Mannequins bring nursing building to life
Feb15

Mannequins bring nursing building to life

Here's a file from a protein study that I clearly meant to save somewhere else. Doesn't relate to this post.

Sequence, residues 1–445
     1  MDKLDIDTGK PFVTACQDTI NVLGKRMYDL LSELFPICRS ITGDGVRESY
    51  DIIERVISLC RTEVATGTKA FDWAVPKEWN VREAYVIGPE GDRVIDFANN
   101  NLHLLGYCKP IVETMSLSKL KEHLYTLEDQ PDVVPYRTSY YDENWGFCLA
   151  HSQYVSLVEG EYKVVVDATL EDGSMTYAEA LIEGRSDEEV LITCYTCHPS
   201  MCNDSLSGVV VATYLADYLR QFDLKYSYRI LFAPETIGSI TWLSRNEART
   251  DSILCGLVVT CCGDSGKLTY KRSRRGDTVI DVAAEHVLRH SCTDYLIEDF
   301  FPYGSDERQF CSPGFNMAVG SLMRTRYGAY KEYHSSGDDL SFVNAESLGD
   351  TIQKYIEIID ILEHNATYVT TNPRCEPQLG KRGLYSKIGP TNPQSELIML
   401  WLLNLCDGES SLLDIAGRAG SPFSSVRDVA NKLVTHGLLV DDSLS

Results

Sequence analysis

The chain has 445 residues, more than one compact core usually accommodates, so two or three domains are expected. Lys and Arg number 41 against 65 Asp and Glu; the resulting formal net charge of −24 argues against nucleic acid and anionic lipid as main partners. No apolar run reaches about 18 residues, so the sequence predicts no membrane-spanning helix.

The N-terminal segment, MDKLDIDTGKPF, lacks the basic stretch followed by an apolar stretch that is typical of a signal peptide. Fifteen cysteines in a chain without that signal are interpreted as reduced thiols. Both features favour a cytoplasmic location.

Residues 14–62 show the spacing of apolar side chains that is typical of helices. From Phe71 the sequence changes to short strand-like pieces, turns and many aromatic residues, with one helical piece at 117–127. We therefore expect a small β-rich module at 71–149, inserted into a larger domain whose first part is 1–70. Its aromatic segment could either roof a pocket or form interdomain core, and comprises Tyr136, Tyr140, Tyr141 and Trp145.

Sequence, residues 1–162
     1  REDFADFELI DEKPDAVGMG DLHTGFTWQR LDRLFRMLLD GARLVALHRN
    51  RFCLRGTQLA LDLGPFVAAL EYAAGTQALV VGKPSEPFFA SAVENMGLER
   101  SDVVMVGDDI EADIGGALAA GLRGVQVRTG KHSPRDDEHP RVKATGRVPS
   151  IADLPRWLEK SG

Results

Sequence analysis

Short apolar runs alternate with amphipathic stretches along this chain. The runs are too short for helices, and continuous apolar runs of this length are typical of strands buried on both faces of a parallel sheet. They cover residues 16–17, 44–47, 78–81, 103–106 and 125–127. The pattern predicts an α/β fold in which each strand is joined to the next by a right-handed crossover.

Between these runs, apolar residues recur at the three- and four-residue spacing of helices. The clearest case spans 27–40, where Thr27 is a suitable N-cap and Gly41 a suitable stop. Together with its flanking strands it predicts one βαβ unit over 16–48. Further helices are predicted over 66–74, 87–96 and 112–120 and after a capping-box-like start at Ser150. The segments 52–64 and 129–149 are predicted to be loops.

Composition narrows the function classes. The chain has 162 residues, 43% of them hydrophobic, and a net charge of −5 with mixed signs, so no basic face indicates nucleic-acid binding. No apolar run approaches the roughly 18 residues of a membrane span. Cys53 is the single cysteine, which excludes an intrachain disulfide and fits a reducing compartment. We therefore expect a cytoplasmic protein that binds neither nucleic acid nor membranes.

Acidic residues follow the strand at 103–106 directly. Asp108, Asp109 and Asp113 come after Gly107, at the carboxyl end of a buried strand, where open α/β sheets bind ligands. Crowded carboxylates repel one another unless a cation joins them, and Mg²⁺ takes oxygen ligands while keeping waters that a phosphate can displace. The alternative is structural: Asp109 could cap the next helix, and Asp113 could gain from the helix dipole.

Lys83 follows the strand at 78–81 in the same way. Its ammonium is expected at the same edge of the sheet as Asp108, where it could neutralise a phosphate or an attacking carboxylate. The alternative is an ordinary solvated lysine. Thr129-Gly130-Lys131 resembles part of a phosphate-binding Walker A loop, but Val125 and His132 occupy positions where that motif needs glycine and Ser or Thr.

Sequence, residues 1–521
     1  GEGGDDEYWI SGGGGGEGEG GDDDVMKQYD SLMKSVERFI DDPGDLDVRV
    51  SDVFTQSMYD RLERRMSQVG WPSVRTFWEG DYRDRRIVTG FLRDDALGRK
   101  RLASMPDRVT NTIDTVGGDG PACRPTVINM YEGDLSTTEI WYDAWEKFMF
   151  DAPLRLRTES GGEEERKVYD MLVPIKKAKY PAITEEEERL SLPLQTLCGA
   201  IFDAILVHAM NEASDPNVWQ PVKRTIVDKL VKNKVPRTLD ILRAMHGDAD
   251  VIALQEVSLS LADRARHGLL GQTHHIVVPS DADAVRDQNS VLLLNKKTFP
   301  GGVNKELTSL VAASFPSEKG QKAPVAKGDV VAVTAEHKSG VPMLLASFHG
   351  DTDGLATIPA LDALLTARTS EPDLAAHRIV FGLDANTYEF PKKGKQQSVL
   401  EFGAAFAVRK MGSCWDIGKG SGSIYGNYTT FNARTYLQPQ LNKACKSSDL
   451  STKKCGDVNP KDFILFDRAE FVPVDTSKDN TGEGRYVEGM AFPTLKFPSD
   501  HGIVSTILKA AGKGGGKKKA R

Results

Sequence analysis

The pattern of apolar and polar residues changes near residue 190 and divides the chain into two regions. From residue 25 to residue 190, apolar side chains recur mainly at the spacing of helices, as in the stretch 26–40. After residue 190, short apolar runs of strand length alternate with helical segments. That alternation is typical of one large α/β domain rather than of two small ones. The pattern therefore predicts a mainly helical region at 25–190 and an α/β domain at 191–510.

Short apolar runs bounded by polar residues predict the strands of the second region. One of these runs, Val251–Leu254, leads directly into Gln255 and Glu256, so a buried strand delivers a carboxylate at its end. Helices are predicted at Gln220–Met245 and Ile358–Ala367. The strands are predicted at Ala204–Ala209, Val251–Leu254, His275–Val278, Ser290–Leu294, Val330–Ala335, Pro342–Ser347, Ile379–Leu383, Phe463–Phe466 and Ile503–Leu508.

“If you build it, they will come,” quoted the Dean of the College of Nursing Dr. Sharon Souter at the dedication and ribbon cutting for the school’s newly built nursing education facility. And while the grand structure bears little resemblance to a baseball field, the words appear to ring just as true for the Isabelle Rutherford Meyer Nursing Education Center, as a mass of students, faculty, staff, administration and members of the community gathered Feb. 8. “People will come here,” Souter said. “They’ll come to see how we do nursing education.” At more than five times the size of the program’s former facility, the new center boasts 77,000 square feet of space, filled with classrooms, labs, a chapel and a state of the art simulation hospital unit. The building is part of the Campus Master Plan, which was approved two years ago by the university’s board of trustees and represents their vision to become the university of choice for Christian higher education in the Southwest. President Dr. Randy O’Rear said at the ceremony, “Through our planning process, we identified that we needed a new facility that would not only allow our program to grow, but a facility where new technologies and the best practices could be implemented to continue our rich tradition of producing the highest quality nurses.” Two years after the university’s board of trustees approved the master plan that included the center, it stands completed and fully funded. The lead gift for the project was given by the Paul and Jane Meyer Family Foundation and was named for Paul’s mother, who was a nurse and an educator. “The journey to this fabulous dedication has been a fun one, and one where we have seen the hand of God all throughout the process,” O’Rear said. From the program’s roots in 1904, to the first 28 students enrolled in the Scott & White College of Nursing in 1968, to today, O’Rear said that the university has established itself as a leader in nursing education in the country, a legacy he hopes will continue with the new building. “This is a grand celebration, and we have a bright future,” O’Rear said. “Praise God from whom all blessings flow.” Senior nursing major Anna Burnstad expressed her sentiments and those of her classmates at the dedication. She said that nursing is more than merely a field of study. “It’s a calling from God himself,” she said. “The purpose of that calling is to touch other people’s lives in real ways. We feed the hungry, clothe the naked, comfort the lonely, rejoice in wellness, and most importantly, we heal the sick.” Burnstad believes...